Lisa Dean Moseley Foundation Institute for Cancer and Blood Disorders

We broke ground! Learn about our new institute and help us build. See How You Can Help


A Gift That Sets a New Standard for Care and Treatment

Nemours Children’s is built on a vision of providing world-class, compassionate care to children. With the support of a $78 million donation from the Lisa Dean Moseley Foundation, our new Lisa Dean Moseley Foundation Institute for Cancer and Blood Disorders allows us to care for and serve more children, in new and better ways. We will create new spaces, house new programs, recruit more talent and make immediate and long-term impacts in treatment and research.

Help Us Do More

It is within our power to further transform cancer and blood disorder care for our community’s children. We have the vision, the know-how and the passion, but we need your help. Your gift will enable Nemours Children’s Health, Delaware Valley to surround families with a full range of support.

Learn About the Moseley Foundation Institute

New Investment, new future — same mission: Improve the lives of children.

Well Beyond Medicine

We’re raising the bar for pediatric cancer and blood disorder care — helping children in Delaware and beyond. It’s part of going well beyond medicine, by looking at all the factors that contribute to the health and well-being of children.

Where Excellent Care & Research Converge

We recently broke ground on our new Moseley Foundation Institute. This inpatient and outpatient unit features a tailored space that brings all care and research under the same roof. Rather than the space shaping the care, the space is designed around the care.

The new facility will foster research advances, innovation and collaboration. By centralizing all aspects of treatment, we can better support our patients’ physical, mental and emotional well-being. 

Creating a Place Where Families Feel at Home

We’re creating spaces that feel home-like and designing an environment that is highly supportive to the needs of the whole family, ensuring the best possible outcomes for patients.

In designing the unit, care was taken to address the needs of patients of all ages — from infancy through late adolescence and early adulthood. We also considered the needs of parents and caregivers, many of whom will spend most of their time on the unit early in the morning or late at night between their regular hours of work and tending to responsibilities at home. 

To create the best, most supportive environment for our patients and their families, we chose the theme of “home” when designating spaces both for care and for respite. We want to provide families with the ability to adhere to treatment schedules while at the same time creating comfortable, soothing environments for family time, rest and activities that would be happening in the comfort of home, were they not in the hospital. 

The ultimate design of all spaces — treatment and nontreatment — reflects our desire to keep life in the hospital as normalized as possible. Consideration was given to a patient’s and family’s morning routine, mealtime, daily commute patterns, learning opportunities, playtime with friends, activities and hobbies, home responsibilities and the nighttime routine.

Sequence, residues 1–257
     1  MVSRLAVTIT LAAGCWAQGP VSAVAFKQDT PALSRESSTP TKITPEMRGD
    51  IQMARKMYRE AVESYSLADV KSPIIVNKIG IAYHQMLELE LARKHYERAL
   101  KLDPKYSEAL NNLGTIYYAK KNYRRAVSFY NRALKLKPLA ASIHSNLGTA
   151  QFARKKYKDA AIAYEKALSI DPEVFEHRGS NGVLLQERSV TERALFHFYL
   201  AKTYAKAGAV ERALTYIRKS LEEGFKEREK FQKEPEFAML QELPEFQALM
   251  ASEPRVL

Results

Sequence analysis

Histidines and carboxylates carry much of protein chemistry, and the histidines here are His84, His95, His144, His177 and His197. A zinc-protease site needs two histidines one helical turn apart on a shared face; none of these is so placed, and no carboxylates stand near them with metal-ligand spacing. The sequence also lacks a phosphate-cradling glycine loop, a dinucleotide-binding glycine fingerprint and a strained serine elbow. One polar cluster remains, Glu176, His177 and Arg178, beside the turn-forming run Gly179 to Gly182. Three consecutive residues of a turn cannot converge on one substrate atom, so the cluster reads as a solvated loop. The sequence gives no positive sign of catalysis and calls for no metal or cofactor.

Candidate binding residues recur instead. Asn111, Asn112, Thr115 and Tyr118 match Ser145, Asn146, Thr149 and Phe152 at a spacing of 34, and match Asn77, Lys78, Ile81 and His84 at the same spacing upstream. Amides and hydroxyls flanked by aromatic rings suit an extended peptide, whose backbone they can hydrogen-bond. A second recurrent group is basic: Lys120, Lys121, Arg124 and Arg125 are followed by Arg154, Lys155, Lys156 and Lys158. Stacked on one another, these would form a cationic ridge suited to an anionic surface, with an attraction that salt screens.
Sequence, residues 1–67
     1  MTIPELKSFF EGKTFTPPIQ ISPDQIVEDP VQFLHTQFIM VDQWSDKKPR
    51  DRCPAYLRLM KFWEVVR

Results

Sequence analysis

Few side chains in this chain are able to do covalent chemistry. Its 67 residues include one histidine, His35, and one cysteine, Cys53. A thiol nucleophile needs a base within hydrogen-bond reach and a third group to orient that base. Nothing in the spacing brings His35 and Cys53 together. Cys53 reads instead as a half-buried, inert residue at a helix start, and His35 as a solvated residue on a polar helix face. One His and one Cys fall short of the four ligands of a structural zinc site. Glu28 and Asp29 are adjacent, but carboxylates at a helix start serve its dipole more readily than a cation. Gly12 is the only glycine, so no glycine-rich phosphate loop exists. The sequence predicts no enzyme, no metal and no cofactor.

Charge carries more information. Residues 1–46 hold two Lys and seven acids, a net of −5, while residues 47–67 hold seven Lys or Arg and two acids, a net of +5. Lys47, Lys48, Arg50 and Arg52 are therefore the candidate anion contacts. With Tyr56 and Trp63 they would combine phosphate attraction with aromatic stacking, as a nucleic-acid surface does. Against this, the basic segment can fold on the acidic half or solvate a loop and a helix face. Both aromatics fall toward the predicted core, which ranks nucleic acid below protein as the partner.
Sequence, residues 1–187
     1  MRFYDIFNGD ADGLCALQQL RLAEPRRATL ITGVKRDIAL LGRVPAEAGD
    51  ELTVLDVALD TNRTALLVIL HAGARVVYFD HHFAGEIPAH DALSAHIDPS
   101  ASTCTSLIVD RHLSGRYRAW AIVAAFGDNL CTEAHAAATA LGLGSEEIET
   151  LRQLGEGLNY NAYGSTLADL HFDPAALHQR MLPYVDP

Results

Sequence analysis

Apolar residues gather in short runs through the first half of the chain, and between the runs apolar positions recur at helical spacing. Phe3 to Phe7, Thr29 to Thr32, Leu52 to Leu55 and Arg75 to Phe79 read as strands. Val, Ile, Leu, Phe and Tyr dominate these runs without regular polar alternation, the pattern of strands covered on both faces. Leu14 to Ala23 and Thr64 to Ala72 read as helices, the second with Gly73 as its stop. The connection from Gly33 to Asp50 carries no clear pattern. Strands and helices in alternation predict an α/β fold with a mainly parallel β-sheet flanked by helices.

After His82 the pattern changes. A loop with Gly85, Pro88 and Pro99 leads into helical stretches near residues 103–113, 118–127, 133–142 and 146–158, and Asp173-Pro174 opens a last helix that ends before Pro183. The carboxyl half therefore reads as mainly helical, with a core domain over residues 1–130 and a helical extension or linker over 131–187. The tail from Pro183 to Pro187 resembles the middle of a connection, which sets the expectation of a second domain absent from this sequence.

Help Us Do More

Children love to play and be well — we will provide them with the space and opportunity to do so. We could use your support.

We’re offering opportunities for naming and recognition within our fifth floor inpatient unit. If you’d like to help, please contact:

Kevin Carraccio (267) 847-2097

Together we can provide the best experience for what may be the worst time in a family’s life.

Activity Areas for Kids and Families

In each of the six activity areas on the unit, we designed distinct spaces that could be used for and actively facilitate each of these parts of a patient’s and family’s life. 


The Kitchen

The kitchen is truly the heart of the home — a warm, nourishing space where memories are made, and traditions are passed down through generations. It's a gathering place for family and friends, filled with the aromas of beloved recipes and the sounds of laughter and conversation.

Oftentimes, certain foods are better for patients with specific conditions or combined with particular phases of treatment. Sometimes, kids just want to — and will only — eat their favorite chocolate chip cookies when they do not feel well. In the kitchen, families can learn together, prepare meals together and keep family traditions of communication and sharing alive while in our care.

Name this room for $1,000,000 

The Great Room

A communal living room is available for patients and their families to relax, play and watch movies together. It also serves as a space for group activities organized by the Child Life program, such as crafts, movies, games and other fun and therapeutic activities.

Name this room for $1,000,000 

Teen Hang Out

Designed for adolescents to escape from their rooms, this space will be a fun hangout area where they can watch movies, play video games, listen to music and engage in other fun and therapeutic activities.

Name this room for $1,000,000 

The Rec Room

Geared for physical activity, the rec room is like a mini gym for patients. It was designed for physical therapy activities and other active treatments.

Name this room for $1,000,000 

The Backyard

A playroom for younger kids. Since it is in the transplant/immunocompromised area of the floor, it is limited to one child or family at a time.